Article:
matchingMarkets-package: An R package for the analysis of stable matchings.

Description Frequently Asked Questions How to cite this package Author(s) References See Also


The matchingMarkets package contains R, C++ and Java code for stable matching algorithms and the estimation of structural models that correct for the sample selection bias of observed outcomes in matching markets.

Matching is concerned with who transacts with whom, and how. For example, who works at which job, which students go to which school, who forms a workgroup with whom, and so on.

The empirical analysis of matching markets is naturally subject to sample selection problems. If agents match assortatively on characteristics unobserved to the analyst but correlated with both the exogenous variable and the outcome of interest, regression estimates will generally be biased.

The matchingMarkets package comprises

  1. Bayes estimators. The estimators implemented in function stabit and stabit2 correct for the selection bias from endogenous matching.

    The current package version provides solutions for two commonly observed matching processes: (i) the group formation problem with fixed group sizes and (ii) the college admissions problem. These processes determine which matches are observed – and which are not – and this is a sample selection problem.

  2. Post-estimation tools. Setting mfx=TRUE in the summary function computes marginal effects from coefficients in binary outcome and selection equations and khb implements the Karlson-Holm-Breen test for confounding due to sample selection.

  3. Design matrix generation. The estimators are based on independent variables for all feasible, i.e., observed and counterfactual, matches in the market. Generating the characteristics of all feasible matches from individual-level data is a combinatorial problem. The package returns design matrices based on pre-specified transformations to generate counterfactual matches.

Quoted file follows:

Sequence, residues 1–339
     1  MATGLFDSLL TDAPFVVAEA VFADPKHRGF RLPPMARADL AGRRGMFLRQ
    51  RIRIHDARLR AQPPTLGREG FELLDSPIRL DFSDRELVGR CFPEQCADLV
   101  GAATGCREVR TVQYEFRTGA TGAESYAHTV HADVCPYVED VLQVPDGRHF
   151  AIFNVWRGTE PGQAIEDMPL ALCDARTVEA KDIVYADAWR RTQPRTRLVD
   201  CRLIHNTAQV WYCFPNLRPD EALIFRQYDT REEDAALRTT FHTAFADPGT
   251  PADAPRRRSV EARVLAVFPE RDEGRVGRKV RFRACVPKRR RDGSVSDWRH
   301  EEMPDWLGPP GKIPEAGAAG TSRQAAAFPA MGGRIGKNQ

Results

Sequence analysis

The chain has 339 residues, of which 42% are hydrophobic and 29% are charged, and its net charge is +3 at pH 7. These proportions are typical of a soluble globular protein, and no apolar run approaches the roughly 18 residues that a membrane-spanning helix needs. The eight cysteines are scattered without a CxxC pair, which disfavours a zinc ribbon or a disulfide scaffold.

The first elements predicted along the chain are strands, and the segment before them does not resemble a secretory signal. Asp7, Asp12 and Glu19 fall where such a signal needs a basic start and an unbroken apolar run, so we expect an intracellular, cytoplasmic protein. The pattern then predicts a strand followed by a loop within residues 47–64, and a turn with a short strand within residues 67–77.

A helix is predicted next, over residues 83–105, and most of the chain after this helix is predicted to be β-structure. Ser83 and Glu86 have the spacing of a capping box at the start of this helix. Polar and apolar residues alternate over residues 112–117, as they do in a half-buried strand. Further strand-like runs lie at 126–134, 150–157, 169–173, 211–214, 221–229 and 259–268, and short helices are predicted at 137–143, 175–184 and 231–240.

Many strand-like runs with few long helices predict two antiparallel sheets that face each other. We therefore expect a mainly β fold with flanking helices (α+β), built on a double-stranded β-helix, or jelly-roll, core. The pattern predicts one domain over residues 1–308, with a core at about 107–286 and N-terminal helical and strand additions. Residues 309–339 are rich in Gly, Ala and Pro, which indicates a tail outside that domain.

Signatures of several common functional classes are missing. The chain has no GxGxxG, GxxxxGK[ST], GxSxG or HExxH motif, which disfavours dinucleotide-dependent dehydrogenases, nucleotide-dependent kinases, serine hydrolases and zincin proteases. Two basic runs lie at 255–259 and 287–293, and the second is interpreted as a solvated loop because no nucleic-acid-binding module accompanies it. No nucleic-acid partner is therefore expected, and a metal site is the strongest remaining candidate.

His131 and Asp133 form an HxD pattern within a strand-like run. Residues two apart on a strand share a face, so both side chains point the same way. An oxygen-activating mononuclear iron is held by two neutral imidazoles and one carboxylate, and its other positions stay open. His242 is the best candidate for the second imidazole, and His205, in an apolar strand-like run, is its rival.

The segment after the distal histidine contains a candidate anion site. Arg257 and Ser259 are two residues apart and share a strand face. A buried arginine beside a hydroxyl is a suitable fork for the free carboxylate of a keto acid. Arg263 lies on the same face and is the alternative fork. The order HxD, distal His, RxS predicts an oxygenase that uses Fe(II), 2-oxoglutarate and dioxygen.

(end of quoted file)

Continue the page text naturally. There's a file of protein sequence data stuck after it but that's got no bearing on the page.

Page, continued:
4. Algorithms. The package also contains matching algorithms that can be used to simulated matching data: hri: A constraint model (Posser, 2014) for the stable marriage and college admissions problem, a.k.a. hospital/residents problem (see Gale and Shapley, 1962). sri: A constraint model for the stable roommates problem (see Gusfield and Irving, 1989). ttc: The top-trading-cycles algorithm for the housing market problem. These can be used to obtain stable matchings from simulated or real preference data (see Shapley and Scarf, 1974).

  5. Data. In addition to the baac00 dataset from borrowing groups in Thailands largest agricultural lending program, the package provides functions stabsim and stabsim2 to simulate one's own data from one-sided and two-sided matching markets.

Frequently Asked Questions

How to cite this package

Whenever using this package, please cite as

Klein, T. (2018). matchingMarkets: Structural Estimator and Algorithms for the Analysis of Stable Matchings. R package version 1.0-1.


Thilo Klein


Bresnahan, T. and Reiss, P. (1991). Empirical models of discrete games. Journal of Econometrics, 48(1-2):57–81.

Gale, D. and Shapley, L.S. (1962). College admissions and the stability of marriage. The American Mathematical Monthly, 69(1):9–15.

Gusfield, D.M. and R.W. Irving (1989). The stable marriage problem: Structure and algorithms, MIT Press.

Heckman, J. (1979). Sample selection bias as a specification error. Econometrica, 47(1):153–161.

Prosser, P. (2014). Stable Roommates and Constraint Programming. Lecture Notes in Computer Science, CPAIOR 2014 Edition. Springer International Publishing, 8451: 15–28.

Pycia, M. (2012). Stability and preference alignment in matching and coalition formation. Econometrica, 80(1):323–362.

Shapley, L. and H. Scarf (1974). On cores and indivisibility. Journal of Mathematical Economics, 1(1):23–37.

Sorensen, M. (2007). How smart is smart money? A two-sided matching model of venture capital. The Journal of Finance, 62(6):2725–2762.

See Also


matchingMarkets documentation built on Feb. 5, 2019, 1:04 a.m.